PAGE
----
INSTRUMENT FLIGHT RULES WORKBOOK
802. RADIO COMMUNICATION PHRASEOLOGY AND TECHNIQUES
Radio communications are a critical link in the ATC system. Aviators must have a sense of
whom they are communicating with, what information is required by particular controllers, and
how best to convey intentions and/or requests. This lesson topic provides an introduction to
ATC facilities and the procedures used to communicate with them.
Flight Information Handbook
IFR Enroute Supplement United States
To fly safely in the IFR environment, knowledge of standard radio phraseology, voice report
formats, and an understanding of lost communications and holding procedures is essential.
The single most important consideration in pilot-controller communications is understanding.
Brevity is important and contacts should be kept as brief as possible, but the controller must
know what you want to do before he can properly carry out his control duties and you, the pilot,
must know exactly what he wants you to do. Specific phraseology has been established for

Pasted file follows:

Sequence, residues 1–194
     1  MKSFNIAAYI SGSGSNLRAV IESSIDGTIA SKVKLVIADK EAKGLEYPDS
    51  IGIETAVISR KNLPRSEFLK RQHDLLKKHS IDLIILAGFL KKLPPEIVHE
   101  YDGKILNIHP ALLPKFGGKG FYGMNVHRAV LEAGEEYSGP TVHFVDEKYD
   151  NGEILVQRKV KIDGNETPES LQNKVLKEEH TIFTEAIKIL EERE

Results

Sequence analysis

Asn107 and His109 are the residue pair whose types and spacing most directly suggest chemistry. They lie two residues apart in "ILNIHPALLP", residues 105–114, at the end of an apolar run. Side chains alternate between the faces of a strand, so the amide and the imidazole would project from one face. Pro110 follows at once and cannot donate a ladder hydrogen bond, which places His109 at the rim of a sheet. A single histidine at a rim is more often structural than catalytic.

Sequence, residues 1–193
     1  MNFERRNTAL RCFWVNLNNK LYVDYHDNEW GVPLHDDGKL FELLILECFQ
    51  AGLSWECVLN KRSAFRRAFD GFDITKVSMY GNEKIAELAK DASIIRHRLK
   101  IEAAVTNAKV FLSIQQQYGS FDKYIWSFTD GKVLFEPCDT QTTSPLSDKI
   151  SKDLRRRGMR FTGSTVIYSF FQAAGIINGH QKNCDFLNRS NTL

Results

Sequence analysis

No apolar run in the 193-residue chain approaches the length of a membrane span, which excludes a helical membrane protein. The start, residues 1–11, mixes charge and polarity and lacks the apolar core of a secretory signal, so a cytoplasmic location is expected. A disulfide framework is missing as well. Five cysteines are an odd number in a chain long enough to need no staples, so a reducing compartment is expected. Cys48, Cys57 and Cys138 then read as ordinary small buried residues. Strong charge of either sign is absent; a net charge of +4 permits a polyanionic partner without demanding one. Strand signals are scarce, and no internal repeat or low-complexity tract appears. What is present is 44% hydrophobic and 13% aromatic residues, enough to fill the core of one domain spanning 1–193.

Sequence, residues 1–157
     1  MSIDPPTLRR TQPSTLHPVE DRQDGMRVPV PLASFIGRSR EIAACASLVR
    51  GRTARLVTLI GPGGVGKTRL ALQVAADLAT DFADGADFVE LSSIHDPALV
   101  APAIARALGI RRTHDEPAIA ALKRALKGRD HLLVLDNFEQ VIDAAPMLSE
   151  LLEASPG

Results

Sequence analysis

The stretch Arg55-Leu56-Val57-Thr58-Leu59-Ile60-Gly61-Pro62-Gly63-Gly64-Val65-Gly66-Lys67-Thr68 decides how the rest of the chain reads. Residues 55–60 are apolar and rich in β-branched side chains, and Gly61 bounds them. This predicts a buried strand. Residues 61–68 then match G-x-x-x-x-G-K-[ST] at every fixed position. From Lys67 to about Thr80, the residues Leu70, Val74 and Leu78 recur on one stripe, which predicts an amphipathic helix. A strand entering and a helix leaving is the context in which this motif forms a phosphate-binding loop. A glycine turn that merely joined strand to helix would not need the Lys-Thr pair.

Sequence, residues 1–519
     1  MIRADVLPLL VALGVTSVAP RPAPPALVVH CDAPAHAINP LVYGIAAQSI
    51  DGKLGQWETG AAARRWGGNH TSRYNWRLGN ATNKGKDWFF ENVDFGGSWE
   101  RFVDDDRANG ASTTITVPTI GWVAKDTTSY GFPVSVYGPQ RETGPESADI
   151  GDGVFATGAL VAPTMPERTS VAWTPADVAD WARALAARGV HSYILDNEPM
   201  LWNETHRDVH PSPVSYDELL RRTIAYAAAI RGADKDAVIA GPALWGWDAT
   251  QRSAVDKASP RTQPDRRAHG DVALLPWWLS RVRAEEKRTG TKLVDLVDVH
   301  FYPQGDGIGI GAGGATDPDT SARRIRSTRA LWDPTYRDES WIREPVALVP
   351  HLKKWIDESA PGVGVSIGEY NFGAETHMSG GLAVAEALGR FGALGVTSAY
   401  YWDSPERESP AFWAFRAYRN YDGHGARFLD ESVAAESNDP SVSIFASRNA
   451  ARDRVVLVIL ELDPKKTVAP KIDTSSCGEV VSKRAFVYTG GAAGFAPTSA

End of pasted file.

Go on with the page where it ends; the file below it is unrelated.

routine messages between controllers and pilots to standardize, expedite, simplify, and promote
understanding. However, concise phraseology may not always be adequate. Use whatever
words are necessary to get your message across.
Numbers are standard except the digits 0 and 9.
0 is spoken - ZERO and
9 is spoken - NINER (to lessen the confusion between nine and five)
2. Numbers indicating hundreds and thousands in round numbers (ceiling heights and upper
wind levels) up to 9900 are spoken as:
500 --- FIVE HUNDRED
4500 --- FOUR THOUSAND FIVE HUNDRED
9900 --- NINER THOUSAND NINER HUNDRED
Numbers above 9900 shall be spoken by separating the digits preceding the word "thousand."
10,000 --- ONE ZERO THOUSAND
13,500 --- ONE THREE THOUSAND FIVE HUNDRED
8-4 INTRODUCTION TO GROUND, AIRBORNE, LOST COMMUNICATION, AND
EMERGENCY VOICE PROCEDURES